Thursday, June 26, 2014
The Satan Trap (aka Nick Carter: Killmaster #131)
The Satan Trap, by Nick Carter
No month stated, 1979 Charter Books
This installment of the Nick Carter: Killmaster series promises quite a lot – I mean the back cover blurb makes it sound like a bast of pure Satanic sleaze, which is my favorite kind of sleaze. And while The Satan Trap does occasionally veer in this direction, it is for the most part a bland sort of spy caper that goes in too many directions. That being said, in this volume Nick Carter poses as a demon, so at least it has that going for it.
Apparently written by Jack Canon (the same name, with one less "n," that Nelson DeMille would use for his Ryker reprints in the late ‘80s), this volume comes in at a too-long 223 pages of smallish print. Canon went on to write for the series on into its final stages a decade later, so I guess he eventually found his footing. His storytelling skills are pretty good, and he gives narrator Carter a few deadpan, hardboiled lines, but I just felt there was too much going on. If he’d stuck with the plot promised on the back cover, about a Satanist using his loyal women to blackmail political bigwigs, he would’ve had a much stronger (and more fun) novel.
After a disastrous mission in South America in the opening pages, in which Carter has to hide out while his comrades are torn apart, our narrator heads to Switzerland to meet with his boss, Hawk. From here Carter is briefed on the strange activities of the Draco cult, which is based outside of Monaco. A KGB agent was working undercover there before being found out, and now he wants to talk to Carter, whom he’s met with in the past. After a very James Bondish ski chase in the snow-swept forests, Carter learns from the dying agent that Draco is not only blackmailing influential people, but he’s apparently involved in something heavier.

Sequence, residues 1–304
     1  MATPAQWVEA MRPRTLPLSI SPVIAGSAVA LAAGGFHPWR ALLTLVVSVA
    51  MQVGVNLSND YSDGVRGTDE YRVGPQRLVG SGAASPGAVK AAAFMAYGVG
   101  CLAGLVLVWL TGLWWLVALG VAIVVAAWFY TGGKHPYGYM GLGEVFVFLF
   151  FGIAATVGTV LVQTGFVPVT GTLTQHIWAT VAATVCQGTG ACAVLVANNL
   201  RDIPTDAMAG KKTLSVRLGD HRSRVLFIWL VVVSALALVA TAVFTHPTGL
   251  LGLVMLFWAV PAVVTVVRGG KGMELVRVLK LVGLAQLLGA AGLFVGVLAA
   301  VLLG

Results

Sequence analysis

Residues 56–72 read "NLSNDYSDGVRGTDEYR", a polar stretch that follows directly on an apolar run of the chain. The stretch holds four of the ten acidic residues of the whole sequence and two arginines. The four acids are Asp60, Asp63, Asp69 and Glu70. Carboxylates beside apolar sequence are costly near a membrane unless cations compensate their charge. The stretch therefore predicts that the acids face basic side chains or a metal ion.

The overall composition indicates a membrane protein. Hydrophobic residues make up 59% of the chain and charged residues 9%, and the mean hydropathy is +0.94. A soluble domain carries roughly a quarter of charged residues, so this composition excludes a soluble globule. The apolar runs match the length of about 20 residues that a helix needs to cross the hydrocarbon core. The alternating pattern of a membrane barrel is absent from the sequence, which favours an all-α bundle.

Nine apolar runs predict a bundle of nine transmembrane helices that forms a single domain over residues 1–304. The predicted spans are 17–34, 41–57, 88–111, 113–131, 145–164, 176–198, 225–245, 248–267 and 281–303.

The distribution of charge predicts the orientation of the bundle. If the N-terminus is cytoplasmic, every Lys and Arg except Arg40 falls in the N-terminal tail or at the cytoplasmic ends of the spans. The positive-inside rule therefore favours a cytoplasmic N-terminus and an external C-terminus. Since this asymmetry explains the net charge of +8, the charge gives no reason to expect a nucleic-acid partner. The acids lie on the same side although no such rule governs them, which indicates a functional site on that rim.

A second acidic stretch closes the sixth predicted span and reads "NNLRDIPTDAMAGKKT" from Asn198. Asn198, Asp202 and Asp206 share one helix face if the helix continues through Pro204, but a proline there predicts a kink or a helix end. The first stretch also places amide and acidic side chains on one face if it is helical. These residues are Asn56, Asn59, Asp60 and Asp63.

The KGB man was about to bring in someone to help him: an occultist who works as a spy on the side, named Serena. (Definitely a Bewitched tribute, as later Canon even references an “Aunt Clara.”) Serena doesn’t know that her handler’s been made, and Carter doesn’t know what she looks like, but his job is to meet up with her in the predesignated location of London and go with her to Monaco. Here Canon proceeds to further muddy up what could otherwise be a lean, sleazy tale with the introduction of Komand, another dude from Carter’s past, who we learn via backstory once sold Carter out early in the Killmaster’s career.
Komand, who only works for the highest bidder and has no allegiances, is himself trying to get into Draco’s Monaco temple, called Pastoria. He has his own Serena, in an effort to hoodwink Carter, but our narrator quickly deduces this and heads off with the real one, who as expected is very attractive and lithely built. The two have a sparky relationship, constantly trading barbs, and Carter’s frustrated that he’s been hooked up with such an inexperienced agent.
Canon still denies us the sleazy stuff, with Serena instantly heading off for Pastoria – she’s been brought in by Draco to summon a demon or something – while Carter goes to nearby Monaco to get to the bottom of this blackmailing scheme. More characters are doled out. Most importantly there’s Gilda Morrow, a crone who was once a Theda Bara-style actress in the silent age; she is perhaps the most famous member of Draco’s cult, living in decadent splendor in Monaco and hosting various bigwigs who come down to check out the cult. One of her latest acquisitions is yet another actress, this one a young and uber-sexy Brigitte Bardot/Sophia Loren-type named Paulina Mendici.